Friday, April 18, 2014

Blinded by the Light

I have seen some amazing things while we have been traveling, but this ranks among the top. As we drove along I-15 through the Mojave Desert near the border of California and Nevada, we were literally blinded by light coming from a tall tower just to the west of the highway.


This is one of three towers that make up a new power generation plant, the Ivanpah Solar Power Facility, a BrightSource project. Light is reflected to the top of each tower by heliostats on the ground around the towers.  A heliostat is a special mirror that turns with the sun to keep the light focused on the target. The receivers at the top glow with heat that is produced by the reflected sunlight and is used to create steam, which drives turbines, which in turn, generates electricity. According to the Wikipedia article I consulted, the plant is expected to generate 3,641,946 MW without producing any carbon dioxide or other pollutants.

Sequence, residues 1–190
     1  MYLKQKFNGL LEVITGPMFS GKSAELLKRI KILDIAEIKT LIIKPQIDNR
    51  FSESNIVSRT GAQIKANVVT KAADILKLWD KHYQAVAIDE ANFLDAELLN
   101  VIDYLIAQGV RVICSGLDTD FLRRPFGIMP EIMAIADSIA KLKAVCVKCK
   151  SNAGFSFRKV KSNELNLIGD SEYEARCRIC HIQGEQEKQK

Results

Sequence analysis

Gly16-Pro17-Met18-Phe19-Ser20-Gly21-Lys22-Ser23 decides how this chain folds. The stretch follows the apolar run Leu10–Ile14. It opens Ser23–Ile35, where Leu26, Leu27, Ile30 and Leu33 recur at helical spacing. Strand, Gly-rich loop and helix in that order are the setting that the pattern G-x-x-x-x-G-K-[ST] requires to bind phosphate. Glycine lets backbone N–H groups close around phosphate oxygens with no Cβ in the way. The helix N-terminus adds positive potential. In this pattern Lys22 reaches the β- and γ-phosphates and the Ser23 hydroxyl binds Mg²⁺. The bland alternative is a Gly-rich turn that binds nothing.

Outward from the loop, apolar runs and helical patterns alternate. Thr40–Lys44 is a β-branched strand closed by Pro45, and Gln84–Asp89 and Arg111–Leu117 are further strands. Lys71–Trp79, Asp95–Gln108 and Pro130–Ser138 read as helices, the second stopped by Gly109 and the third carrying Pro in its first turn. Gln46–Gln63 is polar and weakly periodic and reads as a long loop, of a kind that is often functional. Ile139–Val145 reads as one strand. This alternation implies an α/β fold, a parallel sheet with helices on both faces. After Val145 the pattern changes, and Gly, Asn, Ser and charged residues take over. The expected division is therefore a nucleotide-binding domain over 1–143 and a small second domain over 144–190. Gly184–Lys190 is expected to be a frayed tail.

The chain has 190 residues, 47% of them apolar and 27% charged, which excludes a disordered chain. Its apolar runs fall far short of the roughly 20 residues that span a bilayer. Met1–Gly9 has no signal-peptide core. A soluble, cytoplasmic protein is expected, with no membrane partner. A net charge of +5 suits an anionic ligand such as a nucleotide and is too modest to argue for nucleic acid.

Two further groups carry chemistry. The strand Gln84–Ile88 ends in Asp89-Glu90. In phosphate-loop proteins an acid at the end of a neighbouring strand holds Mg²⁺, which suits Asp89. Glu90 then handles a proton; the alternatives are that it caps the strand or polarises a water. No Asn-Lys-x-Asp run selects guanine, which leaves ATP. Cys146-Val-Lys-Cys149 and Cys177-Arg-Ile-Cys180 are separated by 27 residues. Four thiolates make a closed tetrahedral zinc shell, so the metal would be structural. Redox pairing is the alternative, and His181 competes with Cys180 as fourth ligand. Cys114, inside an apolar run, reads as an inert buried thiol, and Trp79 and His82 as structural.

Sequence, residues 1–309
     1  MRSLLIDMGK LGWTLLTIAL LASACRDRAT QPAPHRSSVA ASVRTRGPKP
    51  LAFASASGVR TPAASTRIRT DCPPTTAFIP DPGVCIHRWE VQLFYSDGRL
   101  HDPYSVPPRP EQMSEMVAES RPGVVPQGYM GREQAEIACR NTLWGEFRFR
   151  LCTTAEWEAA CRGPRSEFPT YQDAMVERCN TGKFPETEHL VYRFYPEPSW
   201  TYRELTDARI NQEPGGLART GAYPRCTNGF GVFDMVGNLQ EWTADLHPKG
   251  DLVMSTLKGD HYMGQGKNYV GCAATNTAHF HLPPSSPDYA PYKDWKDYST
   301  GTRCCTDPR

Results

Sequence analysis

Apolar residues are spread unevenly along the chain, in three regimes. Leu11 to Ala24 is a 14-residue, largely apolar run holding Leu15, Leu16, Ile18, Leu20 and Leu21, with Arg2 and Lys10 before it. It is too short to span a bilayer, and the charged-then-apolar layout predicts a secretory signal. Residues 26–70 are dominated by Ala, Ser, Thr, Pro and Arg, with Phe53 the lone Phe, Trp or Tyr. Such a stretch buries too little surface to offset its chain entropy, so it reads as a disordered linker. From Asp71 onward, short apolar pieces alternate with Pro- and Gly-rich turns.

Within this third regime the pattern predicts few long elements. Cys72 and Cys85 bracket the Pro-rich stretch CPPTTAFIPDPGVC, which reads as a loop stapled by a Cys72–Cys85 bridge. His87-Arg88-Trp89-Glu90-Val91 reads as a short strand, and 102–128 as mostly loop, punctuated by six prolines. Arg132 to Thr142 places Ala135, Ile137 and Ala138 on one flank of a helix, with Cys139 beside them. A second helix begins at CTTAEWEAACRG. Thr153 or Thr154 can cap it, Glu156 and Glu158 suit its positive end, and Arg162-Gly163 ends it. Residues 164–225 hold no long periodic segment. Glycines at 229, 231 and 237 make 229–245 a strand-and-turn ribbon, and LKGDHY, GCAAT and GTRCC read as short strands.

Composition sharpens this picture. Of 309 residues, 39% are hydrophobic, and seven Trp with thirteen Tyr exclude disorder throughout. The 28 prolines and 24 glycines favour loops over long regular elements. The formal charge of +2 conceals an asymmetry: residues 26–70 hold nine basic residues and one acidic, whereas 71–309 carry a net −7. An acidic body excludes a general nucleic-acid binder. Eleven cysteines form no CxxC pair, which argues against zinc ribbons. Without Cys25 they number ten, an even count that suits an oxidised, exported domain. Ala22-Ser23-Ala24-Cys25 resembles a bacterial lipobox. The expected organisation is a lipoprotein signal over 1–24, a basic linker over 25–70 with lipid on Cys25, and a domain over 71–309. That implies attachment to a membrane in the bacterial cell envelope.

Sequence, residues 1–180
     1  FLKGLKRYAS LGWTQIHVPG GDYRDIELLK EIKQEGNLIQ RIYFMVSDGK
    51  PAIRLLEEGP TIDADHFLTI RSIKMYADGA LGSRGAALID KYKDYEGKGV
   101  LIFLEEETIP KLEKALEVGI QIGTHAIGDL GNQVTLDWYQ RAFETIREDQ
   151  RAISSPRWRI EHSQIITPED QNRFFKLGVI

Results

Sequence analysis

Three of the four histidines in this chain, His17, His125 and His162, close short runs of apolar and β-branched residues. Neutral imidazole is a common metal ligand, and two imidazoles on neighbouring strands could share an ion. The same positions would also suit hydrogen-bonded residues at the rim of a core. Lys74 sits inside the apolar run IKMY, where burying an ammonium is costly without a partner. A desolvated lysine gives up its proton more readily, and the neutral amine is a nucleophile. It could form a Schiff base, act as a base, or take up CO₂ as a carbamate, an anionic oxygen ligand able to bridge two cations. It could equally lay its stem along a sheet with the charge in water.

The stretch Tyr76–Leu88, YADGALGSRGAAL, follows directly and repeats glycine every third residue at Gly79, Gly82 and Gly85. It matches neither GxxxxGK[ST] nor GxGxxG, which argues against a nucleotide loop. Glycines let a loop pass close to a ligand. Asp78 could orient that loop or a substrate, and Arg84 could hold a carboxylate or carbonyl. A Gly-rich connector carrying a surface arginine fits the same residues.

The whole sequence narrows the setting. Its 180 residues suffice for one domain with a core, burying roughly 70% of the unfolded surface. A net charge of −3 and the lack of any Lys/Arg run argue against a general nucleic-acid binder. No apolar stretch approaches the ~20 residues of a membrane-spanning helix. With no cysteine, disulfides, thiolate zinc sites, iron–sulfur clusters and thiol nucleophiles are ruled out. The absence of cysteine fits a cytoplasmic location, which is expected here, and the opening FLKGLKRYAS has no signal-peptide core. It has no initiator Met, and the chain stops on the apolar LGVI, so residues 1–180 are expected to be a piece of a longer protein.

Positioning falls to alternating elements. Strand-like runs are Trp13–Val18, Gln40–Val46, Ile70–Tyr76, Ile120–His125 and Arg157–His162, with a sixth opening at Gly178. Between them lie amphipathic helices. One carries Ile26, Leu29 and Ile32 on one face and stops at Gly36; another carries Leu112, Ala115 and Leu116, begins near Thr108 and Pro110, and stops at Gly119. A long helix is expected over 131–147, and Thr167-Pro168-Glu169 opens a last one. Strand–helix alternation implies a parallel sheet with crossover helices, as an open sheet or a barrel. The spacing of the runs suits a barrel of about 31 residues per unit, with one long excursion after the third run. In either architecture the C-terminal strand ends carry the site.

The Ivanpah Solar Power Facility recently performed a test run of all three towers, and expects to have them all fully operational by the end of the year. As we drove by only one tower was glowing.

Evidently there were concerns from environmentalists about the impact the facility would have on flora and fauna of the area, specifically the desert tortoise. Fences were constructed to keep tortoises out, and those that were found in the area were relocated. The heliostats were carefully placed to follow the contours of the land and avoid certain areas of vegetation. Following the test runs it turns out that some birds flying in the immediate area were burned by the intense radiation from the heliostats. I wonder if this was an unintended consequence, and whether projects are in the works to try to find something to discourage flight in this area.

The huge desert expanse dwarfs the power plant; I never would have guessed that the facility covers 4,000 acres, nor that the towers are over 450 feet tall. The field of white rectangles, the heliostat mirrors, is comprised of 100,000 mirrors that each have an area of 78 sq ft. Wow!



I am in awe of seeing new ways of generating electricity while minimizing environmental impact.







2 comments:

  1. Interesting I wonder what it cost? The poor birds:(

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    Replies
    1. According to the article... 2.2 Billion! That's a ton of money. But, I'm thinking the ongoing costs are probably minimal... lots of Windex, though - I wonder if they do have to wash the mirrors?!
      I felt awful about the birds. How are they to know that bright light can cook them?

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